Kim Klement-USA TODAY Sports

Fernando Rodney Mariners: Signing is not Good News for Fantasy Players

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The Seattle Mariners have agreed to terms with Fernando Rodney and if I’m being honest with you, I don’t like this move as a fantasy player. Actually, if I’m being completely honest with you, I hate it.

So, what makes me feel this way? Quite simply, the depth — or at least potential depth — of the closer position just got a little weaker.

Both MLB Depth Charts and Matt Snyder of CBS Sports have Rodney slated to be the Mariners closer and as a fantasy player, I’d much rather take my chances on Danny Farquhar as a closer. I’ll certainly grant that his 2013 numbers left a little to be desired. At 27, Farquhar’s potential is certainly more untapped than Rodney but if we look at his 2013 splits and break his season down a bit more, there seems to be a higher ceiling that he may be on the verge of reaching, or at least nearing. 

Danny Farquhar: 2013

Split
IP
H
H/9
BB
BB/9
K
K/9
ERA
WHIP
201355.2447.1223.67912.84.201.186
First Half23.12610.0103.93513.56.941.543
Second Half32.1185.0123.34412.22.230.928
May7.255.922.31315.37.040.913
June11.21310.053.91511.65.401.543
July13.2127.974.62214.54.611.390
August13.185.432.02114.22.030.825
September9.165.854.887.72.891.179

I certainly understand that the Mariners made a lot of moves this off-season and that they may want a bit more of a known quantity at the closer position. But is Fernando Rodney that guy?

It’s not that Rodney is terrible or anything, he’s just a soon-to-be-37-year-old closer with what I’d call a limited ceiling, and I say that completely aware of what he did in 2012. Even in the world of sports, 2012 is not that long ago.

The problem is that it stands out way too much when looking at both of the surrounding seasons, and his overall career numbers. 

Fernando Rodney

Split
IP
H
H/9
BB
BB/9
K
K/9
ERA
WHIP
201132267.3287.9267.34.501.688
201274.2435.2151.8769.20.600.777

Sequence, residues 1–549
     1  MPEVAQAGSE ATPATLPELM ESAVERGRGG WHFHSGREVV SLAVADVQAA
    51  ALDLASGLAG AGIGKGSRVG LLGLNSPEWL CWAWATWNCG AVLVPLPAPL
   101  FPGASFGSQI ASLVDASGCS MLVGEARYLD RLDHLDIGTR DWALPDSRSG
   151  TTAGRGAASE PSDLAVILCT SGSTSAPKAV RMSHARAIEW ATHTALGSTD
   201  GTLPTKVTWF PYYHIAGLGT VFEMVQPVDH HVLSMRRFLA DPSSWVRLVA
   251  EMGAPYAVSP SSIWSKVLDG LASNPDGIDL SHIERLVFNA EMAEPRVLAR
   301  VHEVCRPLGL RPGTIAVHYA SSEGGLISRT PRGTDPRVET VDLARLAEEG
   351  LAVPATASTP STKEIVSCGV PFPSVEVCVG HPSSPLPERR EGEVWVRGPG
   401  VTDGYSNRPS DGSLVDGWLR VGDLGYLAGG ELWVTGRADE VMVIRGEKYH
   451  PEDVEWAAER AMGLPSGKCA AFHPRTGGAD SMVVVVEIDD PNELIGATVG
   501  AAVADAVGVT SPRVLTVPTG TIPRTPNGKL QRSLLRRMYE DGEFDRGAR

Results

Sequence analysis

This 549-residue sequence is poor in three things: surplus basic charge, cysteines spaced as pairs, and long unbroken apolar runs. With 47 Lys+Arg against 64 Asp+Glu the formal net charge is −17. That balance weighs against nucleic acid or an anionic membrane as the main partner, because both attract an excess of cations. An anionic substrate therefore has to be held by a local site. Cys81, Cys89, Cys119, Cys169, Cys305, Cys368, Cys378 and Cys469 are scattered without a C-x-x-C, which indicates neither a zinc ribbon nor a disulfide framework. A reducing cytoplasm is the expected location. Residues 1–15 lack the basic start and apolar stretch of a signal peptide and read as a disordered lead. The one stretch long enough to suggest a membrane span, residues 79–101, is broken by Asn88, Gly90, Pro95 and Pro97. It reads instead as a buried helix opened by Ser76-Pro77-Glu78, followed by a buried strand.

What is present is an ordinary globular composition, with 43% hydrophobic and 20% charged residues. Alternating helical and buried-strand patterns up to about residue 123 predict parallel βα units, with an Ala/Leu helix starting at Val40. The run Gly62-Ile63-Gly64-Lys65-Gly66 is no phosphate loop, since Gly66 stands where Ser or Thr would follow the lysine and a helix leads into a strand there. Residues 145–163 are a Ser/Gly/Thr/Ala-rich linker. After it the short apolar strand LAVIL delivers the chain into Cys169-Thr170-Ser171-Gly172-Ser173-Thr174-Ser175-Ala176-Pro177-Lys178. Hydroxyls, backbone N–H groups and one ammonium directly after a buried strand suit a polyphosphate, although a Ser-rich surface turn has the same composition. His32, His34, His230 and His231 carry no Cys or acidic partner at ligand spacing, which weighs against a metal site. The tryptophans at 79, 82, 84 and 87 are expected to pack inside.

201366.2537.2364.98211.13.381.335
Career571.14927.82844.5828.73.701.358

You may make a case that 2011 stands out a bit too much on the bad side. That’s a fair argument, but it doesn’t stand out anywhere near as much as 2012 does on the good side. With Rodney as the closer, you’re likely getting value from an above average K-rate (for a closer), and then whatever saves he’d get. The ERA is pretty likely to fall somewhere in the 3.50-4.00 range, while the WHIP will probably fall somewhere between 1.30 and 1.40.

Farquhar’s age and the way he continued to improve throughout his first real MLB season tells me that he’s far more worth the gamble. Let’s put it this way, if Rodney had signed somewhere else as the closer and someone asked me which of the two would more likely be a dominant pitcher (fantasy and real), I’d say Farquhar in a second. I just don’t think we’ll ever see anything close to 2012 from Rodney again.

Granted, Rodney’s bust season may not be as bad as Farquhar’s, but the numbers tell me that they’re not that far apart there. In other words, the gap between their ceilings is greater in Farquhar’s favor than the gap between their floors is in Rodney’s.

Since both of these guys are in the bottom half of a very deep pool of closers and will be taken in the later rounds, it makes a lot more sense to want the guy with the higher ceiling to get the closer’s job. As good as Rodney was in 2012, his ceiling is just not that high.

Monitor this situation closely in Spring Training. If Rodney is struggling, it wouldn’t be a big surprise to see Danny Farquhar regain the closer’s job at some point in the first half of the season. If he’s showing well in Spring Training, Farquhar may be a good late-round draft and stash guy, or even someone with MRI value.

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Tags: Closers Danny Farquhar Fernando Rodney Relief Pitchers Seattle Mariners

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